The stories themselves, without exception, are exquisitely written, are populated by memorable personalities (Natasha Pulley, for example, utilising characters from her very successful Watchmaker of Filigree Street series), and hit us with a range of supernatural antagonists.

Inevitably, of course, in that great custom of the Victorian ghost story, there are many mysteries to be solved.

For example, in Laura Purcell’s The Chillingham Chair, a spirited young woman is unable to attend her sister’s wedding thanks to a broken foot incurred during a riding accident. However, the wheelchair she is confined in now seems to develop a life of its own and attempts to impart a warning message, possibly about the potential fate of her sister …

The one contemporary tale I referenced, The Hanging of the Greens by Andrew Michael Hurley, presents us with a story inside a story, and a protagonist who must venture into the back of beyond to get the answers he seeks, though I found this contribution to the book particularly disturbing – it’s certainly a new twist on the festive chiller – so more about this one later.

Other stories meanwhile, while not exactly mysteries, hint strongly at the troubled pasts of those individuals participating, and leave much to the reader’s own (hopefully dark) imagination.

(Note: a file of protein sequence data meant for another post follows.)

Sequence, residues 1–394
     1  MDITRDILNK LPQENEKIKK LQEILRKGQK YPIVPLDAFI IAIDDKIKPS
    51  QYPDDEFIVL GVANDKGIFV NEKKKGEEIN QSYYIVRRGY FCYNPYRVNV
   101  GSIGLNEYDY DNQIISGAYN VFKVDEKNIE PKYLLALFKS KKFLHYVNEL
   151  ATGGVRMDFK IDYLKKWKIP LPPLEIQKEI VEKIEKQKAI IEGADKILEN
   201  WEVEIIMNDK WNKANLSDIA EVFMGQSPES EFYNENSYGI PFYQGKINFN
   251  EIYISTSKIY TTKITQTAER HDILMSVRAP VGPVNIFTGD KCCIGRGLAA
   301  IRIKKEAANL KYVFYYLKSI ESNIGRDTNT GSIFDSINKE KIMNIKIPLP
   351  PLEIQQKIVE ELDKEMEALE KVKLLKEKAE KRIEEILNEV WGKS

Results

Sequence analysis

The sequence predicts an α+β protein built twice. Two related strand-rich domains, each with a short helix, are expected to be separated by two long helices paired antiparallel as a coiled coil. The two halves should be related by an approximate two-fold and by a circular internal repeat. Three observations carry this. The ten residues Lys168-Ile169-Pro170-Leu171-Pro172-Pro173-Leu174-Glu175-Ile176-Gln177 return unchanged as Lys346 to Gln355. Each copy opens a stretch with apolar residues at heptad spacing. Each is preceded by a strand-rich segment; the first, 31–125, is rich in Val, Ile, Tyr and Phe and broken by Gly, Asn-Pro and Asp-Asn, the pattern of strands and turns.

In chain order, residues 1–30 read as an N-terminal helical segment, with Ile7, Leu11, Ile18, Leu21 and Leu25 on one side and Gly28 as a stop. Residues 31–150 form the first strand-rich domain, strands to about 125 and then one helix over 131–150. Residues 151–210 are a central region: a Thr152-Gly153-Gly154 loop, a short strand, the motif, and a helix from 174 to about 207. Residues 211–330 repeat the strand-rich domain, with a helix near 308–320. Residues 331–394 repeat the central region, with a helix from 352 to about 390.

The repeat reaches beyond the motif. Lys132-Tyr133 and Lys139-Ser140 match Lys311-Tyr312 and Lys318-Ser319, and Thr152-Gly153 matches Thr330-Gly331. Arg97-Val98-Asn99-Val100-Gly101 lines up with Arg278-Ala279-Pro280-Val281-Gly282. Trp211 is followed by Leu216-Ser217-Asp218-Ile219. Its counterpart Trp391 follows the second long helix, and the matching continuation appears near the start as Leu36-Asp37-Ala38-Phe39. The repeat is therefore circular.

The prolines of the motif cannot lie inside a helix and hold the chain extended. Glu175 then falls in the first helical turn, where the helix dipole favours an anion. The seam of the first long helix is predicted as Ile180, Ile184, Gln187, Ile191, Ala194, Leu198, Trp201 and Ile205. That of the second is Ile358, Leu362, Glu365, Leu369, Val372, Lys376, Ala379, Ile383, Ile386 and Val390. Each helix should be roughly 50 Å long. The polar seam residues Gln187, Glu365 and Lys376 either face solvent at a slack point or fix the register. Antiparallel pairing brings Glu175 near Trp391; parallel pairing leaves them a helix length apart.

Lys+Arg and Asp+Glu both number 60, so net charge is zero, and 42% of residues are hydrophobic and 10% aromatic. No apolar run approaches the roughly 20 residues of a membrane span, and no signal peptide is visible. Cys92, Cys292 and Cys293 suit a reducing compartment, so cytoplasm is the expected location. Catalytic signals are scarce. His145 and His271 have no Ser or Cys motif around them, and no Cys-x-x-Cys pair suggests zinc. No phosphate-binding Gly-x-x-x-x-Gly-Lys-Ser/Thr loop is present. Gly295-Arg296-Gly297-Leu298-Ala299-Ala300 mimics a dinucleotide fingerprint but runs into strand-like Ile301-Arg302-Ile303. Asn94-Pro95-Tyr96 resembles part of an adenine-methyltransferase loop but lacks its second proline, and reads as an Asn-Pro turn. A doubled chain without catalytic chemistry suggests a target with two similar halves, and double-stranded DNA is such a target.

Bridget Collins’s A Study in Black and White is a great example. In this eerie outing, an unpleasant man on the run from his misdemeanors rents a 17th century house in the countryside. Intent on staying there alone, he soon becomes aware of an unseen presence, a presence that enjoys a game of chess, though it appears even more to enjoy winning.

Likewise in Thwaite’s Tenant by Imogen Hermes Gowar, the central character is displaced from one threatening location to another, which turns out to be even worse, though the exact details of what happened there are initially elusive. I enjoyed this one thoroughly, so a little more on this later.

Perhaps the most mysterious of all the stories in The Haunting Season is Monster by Elizabeth Macneal. It features a selfish protagonist on the trail of an elusive prize and entering a realm so soaked in mythology that it’s almost unreal. More on this one later, too.

For straightforward terror, meanwhile, though with a deep subtext, we go to Kiran Millwood Hargrave’s Confinement, wherein a woman suffering in the grip of a terrifying supernatural foe, may actually be at the mercy of her own tortured psyche. A poignant tale, this one, as well as a scare-fest, it has meaning far beyond the pages and remit of this anthology, so more about this one later as well.

Equally strange and delightful reads are provided by Natasha Pulley with The Eel Singers, in which a close group of friends take a trip out of London to the wintry fen country, only to encounter some locals who are not quite the welcoming crowd they anticipated, and Jess Kidd with Lily Wilt, in which a professional photographer of the dead falls in love with his latest project, a beautiful and delicate young woman recently deceased, and uses black magic to restore her to life, only to find that she is a long way from the woman she once was (or is she?).